Yep - it's called spec work:
Yep - it's called spec work:
Freudian slip as they were thinking about using these moored to their off-shore datacenter islands.
They say the same thing about web servers, too. One big one is better than lots of cheaper, smaller ones. And yet that's not how Google runs its data centers...
they have not limited what the inverter is contained in
I think that would be included in the overall size.
So why didn't they add a charging circuit for the battery, still meet the specs, and have it actually be useful? I have one on my computer.
If you're working with a printed circuit (think a computer on a magazine page or a greeting card), it's useful if the silver dots can be read by the printed circuit without an additional machine or any (relatively) large equipment at all.
And if dpi directly translated to individual sprayed dots, that would be useful. Inkjet printers spray microdroplets that aren't strictly locked to the pixel grid. And CMYK are not all perfectly aligned with one another.
Still, that inkjet printed page can't read itself. A circuit printed on the page could.
Those are distribution lines. And only the drop to the customer carries 240V. That's converted down from about 2-4KV at the pole transformer off the distribution line.
Transmission lines are what connect distribution areas to generating plants and carry tens of thousands of volts.
I think their use of the term islanded may refer to more than just the technical specifications. I bet Google wants this tech for off-shore floating data centers.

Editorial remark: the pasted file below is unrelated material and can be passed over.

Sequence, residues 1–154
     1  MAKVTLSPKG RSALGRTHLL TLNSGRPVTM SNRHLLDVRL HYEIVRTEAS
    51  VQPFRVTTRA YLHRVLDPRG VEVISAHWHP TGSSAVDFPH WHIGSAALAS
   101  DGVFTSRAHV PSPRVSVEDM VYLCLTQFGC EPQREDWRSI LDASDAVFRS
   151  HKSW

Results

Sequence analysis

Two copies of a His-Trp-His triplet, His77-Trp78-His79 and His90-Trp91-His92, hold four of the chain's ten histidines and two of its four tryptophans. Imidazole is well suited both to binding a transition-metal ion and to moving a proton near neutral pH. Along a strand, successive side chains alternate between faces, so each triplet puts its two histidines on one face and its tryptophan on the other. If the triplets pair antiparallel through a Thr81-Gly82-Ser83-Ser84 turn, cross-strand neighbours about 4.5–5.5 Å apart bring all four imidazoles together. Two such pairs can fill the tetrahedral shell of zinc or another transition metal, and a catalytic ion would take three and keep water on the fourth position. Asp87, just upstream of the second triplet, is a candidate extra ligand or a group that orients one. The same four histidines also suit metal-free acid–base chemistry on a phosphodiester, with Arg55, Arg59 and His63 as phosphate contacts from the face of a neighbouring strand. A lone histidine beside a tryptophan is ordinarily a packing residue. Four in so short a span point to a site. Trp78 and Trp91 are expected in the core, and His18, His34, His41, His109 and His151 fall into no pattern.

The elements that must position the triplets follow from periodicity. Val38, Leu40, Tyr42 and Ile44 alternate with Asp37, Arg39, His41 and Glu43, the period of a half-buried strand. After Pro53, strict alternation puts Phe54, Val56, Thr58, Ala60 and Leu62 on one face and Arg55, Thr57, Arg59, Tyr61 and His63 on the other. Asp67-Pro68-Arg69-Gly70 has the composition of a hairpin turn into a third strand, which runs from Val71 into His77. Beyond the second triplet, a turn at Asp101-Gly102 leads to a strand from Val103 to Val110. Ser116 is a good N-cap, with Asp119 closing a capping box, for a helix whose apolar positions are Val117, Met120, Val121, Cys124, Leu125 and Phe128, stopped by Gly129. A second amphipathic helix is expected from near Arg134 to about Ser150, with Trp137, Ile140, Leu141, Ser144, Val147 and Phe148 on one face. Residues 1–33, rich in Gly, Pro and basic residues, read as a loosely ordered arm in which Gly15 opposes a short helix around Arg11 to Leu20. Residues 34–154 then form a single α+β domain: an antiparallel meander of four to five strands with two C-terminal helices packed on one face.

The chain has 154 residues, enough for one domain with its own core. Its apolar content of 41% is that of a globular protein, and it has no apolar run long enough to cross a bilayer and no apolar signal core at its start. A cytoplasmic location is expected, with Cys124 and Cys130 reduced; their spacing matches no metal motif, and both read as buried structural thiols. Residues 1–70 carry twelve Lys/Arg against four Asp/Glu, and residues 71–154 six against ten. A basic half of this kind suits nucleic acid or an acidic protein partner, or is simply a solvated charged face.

And all this is happening while the USPS is still trying to end Saturday delivery. If that ever happened, Netflix wouldn't receive any more discs to process.
Do you think that you are being throttled because of your usage or that your particular distribution center is overloaded? I know where I'm at, I mail it one day, they receive it the next, and the next movie goes out for the following day.
It might actually be a problem on the mail delivery side, but it could be your particular distribution center. I just wanted to say it's not the universal experience. But I rarely go through more than 1 disc a week because of my viewing habits.
Most people no longer have a local video store. My alternative is buying every movie I want to watch once.
How about keeping it on the queue, but listed at the bottom under "Saved Titles" - just like the movies that haven't come out on DVD yet.
It might last for a while, but conservation is still not sustainable.
An oddly strict definition of conservation....not using it at all would fit under the definition of conservation. Or saving it all for a global emergency to survive a volcanic winter when solar and hydro give out. That's what I was getting at. There's no reason we shouldn't know where it is and be ready to mine it just in case.
I said nothing against going to nuclear as a primary fuel source. It's perfectly feasible except for one small problem - no one will do it or approve it. With that standing as a major roadblock to this day, we still need to conserve what we're using.
I think it's great as long as they can keep the SNR in-margin. The problem is that at certain times of the year, my cable service is just plain unreliable - especially for VoIP - even when uncongested.
I don't subscribe to TV, because they really overcram. I wish they were just using better QAM, but they're also overcompressing the channels on top of that.